Lawn Guy Land
When I lived in Brooklyn, I had better access to vegan food options. Living on Long Island, I make my food more often. This is a good thing. But on occasion I’ll hunt down food leads, determinedly, like I would if I was staying for just a day. I like the hunt–and more so on Long Island than in the New York City area, because it happens via car.
Here’s what I found: First, Bellmore’s Lil Left Coast, lil sister to Merrick’s Left Coast Kitchen. They have interesting eats with a few vegan options. I got the spicy roasted eggplant & tofu banh mi mostly because I would love to have a place near home to get the sandwich perfection that is a banh mi. Unfortunately, this didn’t really make the cut. But I ate it all up. Proof that bread is the staff of life–that my mom might have been onto something when she wrapped two slices of bread with nothing in between for my 3rd grade lunch that one time. That or she knew I was a budding vegan. Or it might have been that whole working nights thing. Either way, I will have to return to the Lil Left Coast to try some of their other veg options.
Hicksville is Long Island’s Little India. I love hitting up Hicksville’s huge Indian grocers to stock up on pantry items that seem to be triple the price elsewhere (seasonings, unique rice, coconut oil, flax) and experiment with their selection of imported produce. Then, there is the awesome selection of authentic Indian cuisine. A Yelp search for Indian restaurants in the 7 square miles of Hicksville brings up 63 eateries. (!!) Lucky for me, many are exclusively vegetarian and are very clear about vegan options. My sister and I visited the all-vegetarian Rajbhog Cafe, a counter spot with an exclusively vegan menu, for some lunchtime sustenance.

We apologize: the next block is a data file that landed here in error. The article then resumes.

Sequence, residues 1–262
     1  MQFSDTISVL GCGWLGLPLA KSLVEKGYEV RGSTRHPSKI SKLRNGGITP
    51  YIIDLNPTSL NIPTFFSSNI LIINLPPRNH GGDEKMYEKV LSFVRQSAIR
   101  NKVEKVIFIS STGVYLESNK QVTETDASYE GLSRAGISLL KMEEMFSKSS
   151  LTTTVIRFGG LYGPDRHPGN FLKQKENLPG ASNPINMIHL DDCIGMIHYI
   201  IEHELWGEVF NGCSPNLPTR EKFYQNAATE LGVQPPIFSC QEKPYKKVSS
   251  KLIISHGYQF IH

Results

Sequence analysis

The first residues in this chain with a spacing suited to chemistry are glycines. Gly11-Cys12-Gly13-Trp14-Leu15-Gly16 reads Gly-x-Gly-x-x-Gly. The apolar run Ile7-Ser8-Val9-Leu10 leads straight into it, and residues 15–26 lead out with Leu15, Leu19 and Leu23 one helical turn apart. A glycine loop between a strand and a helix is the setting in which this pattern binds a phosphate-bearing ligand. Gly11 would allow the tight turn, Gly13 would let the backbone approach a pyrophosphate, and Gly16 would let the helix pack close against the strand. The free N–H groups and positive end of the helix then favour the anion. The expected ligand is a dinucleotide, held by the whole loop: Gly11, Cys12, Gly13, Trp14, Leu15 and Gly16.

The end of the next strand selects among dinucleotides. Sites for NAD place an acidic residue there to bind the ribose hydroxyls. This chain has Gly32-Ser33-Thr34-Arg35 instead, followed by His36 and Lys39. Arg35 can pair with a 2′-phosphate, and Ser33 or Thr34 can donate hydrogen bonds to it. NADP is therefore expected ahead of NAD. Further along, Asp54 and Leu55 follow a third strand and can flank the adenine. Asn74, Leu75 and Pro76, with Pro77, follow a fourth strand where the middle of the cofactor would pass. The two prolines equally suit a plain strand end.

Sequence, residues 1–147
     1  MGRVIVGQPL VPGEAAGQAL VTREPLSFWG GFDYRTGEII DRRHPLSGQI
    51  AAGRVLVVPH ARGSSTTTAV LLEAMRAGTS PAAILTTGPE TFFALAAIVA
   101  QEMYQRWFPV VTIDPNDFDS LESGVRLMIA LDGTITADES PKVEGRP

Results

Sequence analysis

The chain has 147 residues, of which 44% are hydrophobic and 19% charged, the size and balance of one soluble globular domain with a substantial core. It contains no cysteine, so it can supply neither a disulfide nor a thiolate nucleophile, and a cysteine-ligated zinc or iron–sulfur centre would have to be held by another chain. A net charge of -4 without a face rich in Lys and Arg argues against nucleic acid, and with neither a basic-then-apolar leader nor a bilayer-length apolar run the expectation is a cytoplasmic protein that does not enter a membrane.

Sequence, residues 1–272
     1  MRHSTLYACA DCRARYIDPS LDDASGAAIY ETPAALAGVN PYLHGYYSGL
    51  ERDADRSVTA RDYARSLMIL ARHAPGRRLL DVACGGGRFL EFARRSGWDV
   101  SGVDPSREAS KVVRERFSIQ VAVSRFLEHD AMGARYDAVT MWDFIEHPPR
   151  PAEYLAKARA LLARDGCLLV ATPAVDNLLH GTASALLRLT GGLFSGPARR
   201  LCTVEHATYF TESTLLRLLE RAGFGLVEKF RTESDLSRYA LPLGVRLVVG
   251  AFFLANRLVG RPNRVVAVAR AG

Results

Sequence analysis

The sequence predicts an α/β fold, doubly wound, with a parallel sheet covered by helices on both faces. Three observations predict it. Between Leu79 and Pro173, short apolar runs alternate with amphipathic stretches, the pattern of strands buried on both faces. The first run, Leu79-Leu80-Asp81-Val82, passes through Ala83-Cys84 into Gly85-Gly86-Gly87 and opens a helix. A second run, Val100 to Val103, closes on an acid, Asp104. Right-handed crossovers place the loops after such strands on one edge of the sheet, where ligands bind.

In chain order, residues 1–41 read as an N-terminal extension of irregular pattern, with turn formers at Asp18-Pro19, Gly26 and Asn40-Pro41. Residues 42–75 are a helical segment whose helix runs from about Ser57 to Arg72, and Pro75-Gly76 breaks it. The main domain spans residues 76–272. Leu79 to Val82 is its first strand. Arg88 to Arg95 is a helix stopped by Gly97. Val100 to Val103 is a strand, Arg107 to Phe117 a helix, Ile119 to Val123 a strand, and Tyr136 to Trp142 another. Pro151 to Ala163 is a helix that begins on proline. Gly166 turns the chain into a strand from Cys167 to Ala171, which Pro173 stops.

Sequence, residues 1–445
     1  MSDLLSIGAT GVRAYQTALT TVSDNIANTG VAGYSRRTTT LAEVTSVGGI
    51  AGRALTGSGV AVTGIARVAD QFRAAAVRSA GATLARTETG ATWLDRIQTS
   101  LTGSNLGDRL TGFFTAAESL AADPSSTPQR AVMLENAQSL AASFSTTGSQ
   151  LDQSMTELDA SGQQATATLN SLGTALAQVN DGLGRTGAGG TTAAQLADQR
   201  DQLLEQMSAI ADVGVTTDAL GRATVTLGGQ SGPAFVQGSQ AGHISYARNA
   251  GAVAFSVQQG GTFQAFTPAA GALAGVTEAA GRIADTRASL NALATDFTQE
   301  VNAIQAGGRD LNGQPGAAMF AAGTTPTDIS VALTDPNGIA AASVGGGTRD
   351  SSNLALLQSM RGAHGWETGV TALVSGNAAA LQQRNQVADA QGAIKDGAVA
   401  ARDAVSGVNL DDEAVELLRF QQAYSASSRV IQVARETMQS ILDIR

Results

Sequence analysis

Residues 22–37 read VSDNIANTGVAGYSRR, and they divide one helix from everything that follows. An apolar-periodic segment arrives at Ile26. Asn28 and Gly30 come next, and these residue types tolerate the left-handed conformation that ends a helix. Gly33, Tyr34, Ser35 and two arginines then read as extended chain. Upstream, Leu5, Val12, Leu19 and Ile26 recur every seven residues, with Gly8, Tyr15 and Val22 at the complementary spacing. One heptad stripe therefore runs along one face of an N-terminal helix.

I got the lunch platter, a sampling of all their vegan selections of the day along with paratha, a deliciously oily flatbread. What is so satisfying about eating these small but varied portions (eating ayurvedically) is that it fulfills all emotional and physical requirements of food–hitting sweet, sour, salty, pungent, bitter, and astringent. Well ok, my dish was missing the sweet. Ayurvedic eats means balanced doshas, a personal inherit mind/body principle. Hey baby, what’s your dosha? I took the dosha quiz (teehee) and learned I was Pitta. I’m reading about this stuff because I am hoping to visit India next year to celebrate two decades of being vegan. I mean, it is the birthplace of vegetarianism.
Feeling the urge to cruise, I knocked the very non-Ayurvedic Queen City Cupcakes off my list. Queen City is not a bakery, per se. It’s like a cupcake depot. They get cupcakes from bakeries and house them in a pretty shop and showcase. They get a few standard vegan cupcakes from somewhere. The vegan flavors never seem to be as interesting as the rest of the cupcakes. I got the lone vegan vanilla cupcake and ate in the car impatiently, sloppily like an opportunistic, fumbly tryst. Alas, I was not fulfilled by this tryst. The cake seemed frozen for an indefinite period of time and then thawed. The mile high frosting, however, had a different melting point and remained rock hard and wax-like. Gosh, I’m hard to please. No, not really.
It is such a delight to see winter’s umber turning a bice green. These happy daffodils in the backyard share my wide-eyed enthusiasm for the expanse of blue above. They seem like an assembladge excitedly whispering encouraging words to each other in the shifts of the wind. And it may be evident that I am currently writing a poetry unit for my 5th graders.
And finally–Three words: Frank Sobatka selfie.